By Sharon St Joan
Continued from Part One.
To read Part One first, click here.
BREAKING NEWS: It has just been announced (on Wednesday, May 7 in India) that the Supreme Court of India has banned all jallikattu events, also bullock cart racing, and all forms of cruelty to the bulls that were before the court. This is a landmark victory that frees the bulls from centuries of abuse. It comes after more than forty years of intense work on behalf of the bulls by so many animal groups and people in India.
Dr. Nanditha Krishna, one of those who has worked so long for the bulls, said, “Jallikattu was such a barbaric custom. We are all so happy it has stopped! We were all praying for the bulls!”
“Tamil Nadu will burn.”
Following Jairam Ramesh’s ruling, when the High Court of Tamil Nadu was just at the point of banning jallikattu, the lawyers representing the sport’s promoters issued a dire warning that the jallikattu events for that year were already well beyond the planning stage, and that if they were canceled, then “Tamil Nadu will burn.” This threat of violent civil unrest gave the judges pause for thought, and they declined to ban jallikattu, much to the dismay of animal advocates.
Earlier, on November 27, 2010, the Supreme Court of India had refused to ban jallikattu, despite an appeal by the AWBI. The Court stated that there were already in place adequate safeguards to protect people from injury and the bulls from cruelty.
Concerning the duty of the courts, Dr. Chinny Krishna maintains that “The courts are there to uphold the law and to protect the rights of the less powerful – children, women, and animals too…. Jallikattu is illegal and the courts will rule that it is illegal….The court of last resort is the people.”
Back to the Supreme Court
The Tamil Nadu Jallikattu Act, allowing jallikattu, was passed in 2011, going against the Prevention of Cruelty to Animals Act that had been passed back in 1960 by the central government. The AWBI then filed the most recent case in the Supreme Court of India, asking that jallikattu be banned, and also that the Court consider at the same time other issues related to bulls, such as bullock cart races in Maharashtra and the illegal transport and slaughter of cattle.
Despite all the many efforts to have jallikattu banned, and despite the fact that mistreatment of the bulls contravenes Indian animal welfare law, the High Court of Tamil Nadu and the Supreme Court of India have so far declined to ban jallikattu events.
Now, with the new case being brought to the Supreme Court, filed on different grounds, there is a renewed expectation of protection for the bulls.
Legal setbacks notwithstanding, there have over the years been significant successes. Thanks to the efforts of the AWBI and many Indian animal organizations, far fewer jallikattu events take place now than in past years. Jallikattu is only allowed to take place during five months of the year, not year-round as before. A substantial fee must be paid in advance in order to receive a permit to hold the event, and AWBI inspectors are required to be on scene, as well as veterinarians for the animals and medical personnel for injured participants.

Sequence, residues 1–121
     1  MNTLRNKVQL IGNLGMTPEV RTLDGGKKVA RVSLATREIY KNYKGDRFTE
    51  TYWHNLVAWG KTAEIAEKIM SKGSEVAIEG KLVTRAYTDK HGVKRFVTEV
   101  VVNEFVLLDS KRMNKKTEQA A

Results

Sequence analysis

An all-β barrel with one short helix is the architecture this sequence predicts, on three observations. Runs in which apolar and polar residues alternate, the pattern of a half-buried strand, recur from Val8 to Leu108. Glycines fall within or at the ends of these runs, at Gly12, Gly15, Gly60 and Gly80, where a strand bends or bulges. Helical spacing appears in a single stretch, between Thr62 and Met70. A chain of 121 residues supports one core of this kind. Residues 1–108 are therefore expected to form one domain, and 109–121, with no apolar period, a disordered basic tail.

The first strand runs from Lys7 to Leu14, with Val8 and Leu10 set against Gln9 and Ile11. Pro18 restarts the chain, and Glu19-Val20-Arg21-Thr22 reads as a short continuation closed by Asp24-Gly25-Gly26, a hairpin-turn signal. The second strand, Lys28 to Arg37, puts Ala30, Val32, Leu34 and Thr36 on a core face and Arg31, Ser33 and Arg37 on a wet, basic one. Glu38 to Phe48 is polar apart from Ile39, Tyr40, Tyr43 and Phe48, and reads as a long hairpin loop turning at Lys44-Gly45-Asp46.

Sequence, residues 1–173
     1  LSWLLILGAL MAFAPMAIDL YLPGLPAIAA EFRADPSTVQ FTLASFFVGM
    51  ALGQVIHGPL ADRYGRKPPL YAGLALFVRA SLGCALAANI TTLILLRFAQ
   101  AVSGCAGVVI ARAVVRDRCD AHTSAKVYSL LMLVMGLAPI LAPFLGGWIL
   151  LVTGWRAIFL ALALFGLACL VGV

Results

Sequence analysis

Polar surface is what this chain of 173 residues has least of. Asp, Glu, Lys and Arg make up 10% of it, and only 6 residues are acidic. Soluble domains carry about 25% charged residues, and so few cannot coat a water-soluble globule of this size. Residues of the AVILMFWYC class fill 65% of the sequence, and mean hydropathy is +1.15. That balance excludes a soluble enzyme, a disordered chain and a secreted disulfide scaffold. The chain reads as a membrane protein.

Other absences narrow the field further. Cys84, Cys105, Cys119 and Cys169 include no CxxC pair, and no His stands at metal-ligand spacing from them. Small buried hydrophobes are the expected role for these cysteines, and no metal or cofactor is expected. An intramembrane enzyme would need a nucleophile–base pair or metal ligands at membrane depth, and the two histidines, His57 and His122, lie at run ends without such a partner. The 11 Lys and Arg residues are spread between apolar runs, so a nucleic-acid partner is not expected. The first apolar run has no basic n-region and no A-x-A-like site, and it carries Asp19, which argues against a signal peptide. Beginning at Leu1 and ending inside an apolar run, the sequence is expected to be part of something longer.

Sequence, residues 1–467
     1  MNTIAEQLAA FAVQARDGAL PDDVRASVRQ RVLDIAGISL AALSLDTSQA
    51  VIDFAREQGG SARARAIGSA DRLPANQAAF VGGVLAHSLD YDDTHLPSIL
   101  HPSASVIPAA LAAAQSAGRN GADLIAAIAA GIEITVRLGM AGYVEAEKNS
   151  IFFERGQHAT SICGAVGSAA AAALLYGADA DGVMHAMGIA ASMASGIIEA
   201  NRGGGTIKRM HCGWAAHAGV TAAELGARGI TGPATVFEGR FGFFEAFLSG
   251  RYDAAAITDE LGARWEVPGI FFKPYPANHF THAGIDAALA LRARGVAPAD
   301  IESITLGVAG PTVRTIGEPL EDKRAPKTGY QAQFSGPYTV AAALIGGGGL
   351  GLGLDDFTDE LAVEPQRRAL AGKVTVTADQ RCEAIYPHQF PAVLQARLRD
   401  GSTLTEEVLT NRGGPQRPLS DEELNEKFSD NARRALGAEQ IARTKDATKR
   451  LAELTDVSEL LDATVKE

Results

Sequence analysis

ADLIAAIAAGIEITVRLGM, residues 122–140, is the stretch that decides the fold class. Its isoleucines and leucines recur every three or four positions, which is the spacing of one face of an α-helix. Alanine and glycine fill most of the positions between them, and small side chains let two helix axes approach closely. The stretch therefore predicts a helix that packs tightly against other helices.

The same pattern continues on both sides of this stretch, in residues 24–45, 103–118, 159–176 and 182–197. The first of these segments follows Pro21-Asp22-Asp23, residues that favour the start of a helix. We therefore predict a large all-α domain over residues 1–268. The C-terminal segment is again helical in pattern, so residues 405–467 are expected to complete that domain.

Will there be jallikattu next spring?
Jallikattu events begin in the spring, during the important south Indian harvest festival of Pongal. As Dr. Krishna pointed out, sometimes the same people who, as part of the Pongal celebration, go to the temple in the morning and pay reverence to the cow, also attend jallikattu in the afternoon, where the bulls are tormented. The inherent contradiction in this seems to go unnoticed by jallikattu enthusiasts.
As Dr. Krishna explained, “Although forms of jallikattu may go back a long way and ultimately are part of the chain of events going back to the domestication of the cow, it is only over the last 300 years of so, that jallikattu has really taken off as a major attraction.”
The young men of the villages attempt to retrieve a bag of coins tied to the horns of the bull, so there is a monetary prize, and, in early times, the winner also won the hand of the chieftain’s daughter.
Today Jallikattu revolves around money. It is a huge profit-making enterprise – an enormous occasion for betting large sums.
Most local people oppose jallikattu
Most local people don’t attend jallikattu events – and the majority of the population in central Tamil Nadu cities and towns, where jallikattu is held, oppose the sport.
Its support comes largely from tourists: French, German, British, Japanese and others. Among the Japanese tours that frequent jallikattu are some that specialize in pilgrimages to Buddhist sites – ironic in light of Buddhist teachings against animal cruelty.
The Supreme Court of India calls jallikattu “barbaric”
Now, with the new jallikattu case before the Supreme Court of India, being heard by Justice Radhakrisnan and Justice Pinaki Ghosh, the Court has expressed amazement that this kind of barbaric treatment of animals is still taking place in the twenty-first century. Animal groups are guardedly confident that the Court will rule that against jallikattu and that this cruel “tradition” will at last be a thing of the past.
Even if the court battle is not won, Dr. Krishna states that the fight to defend the bulls from cruelty will continue – with stepped-up support in the Parliament and with renewed efforts to ban this kind of animal cruelty forever, so that India, known for millennia for its reverence for animals, will uphold its long tradition of kindness — protecting and defending the bulls and all animals.
Photos: Sharon St. Joan / These are not jallikattu bulls; they are bulls rescued from illegal transport by Blue Cross of India in 2012.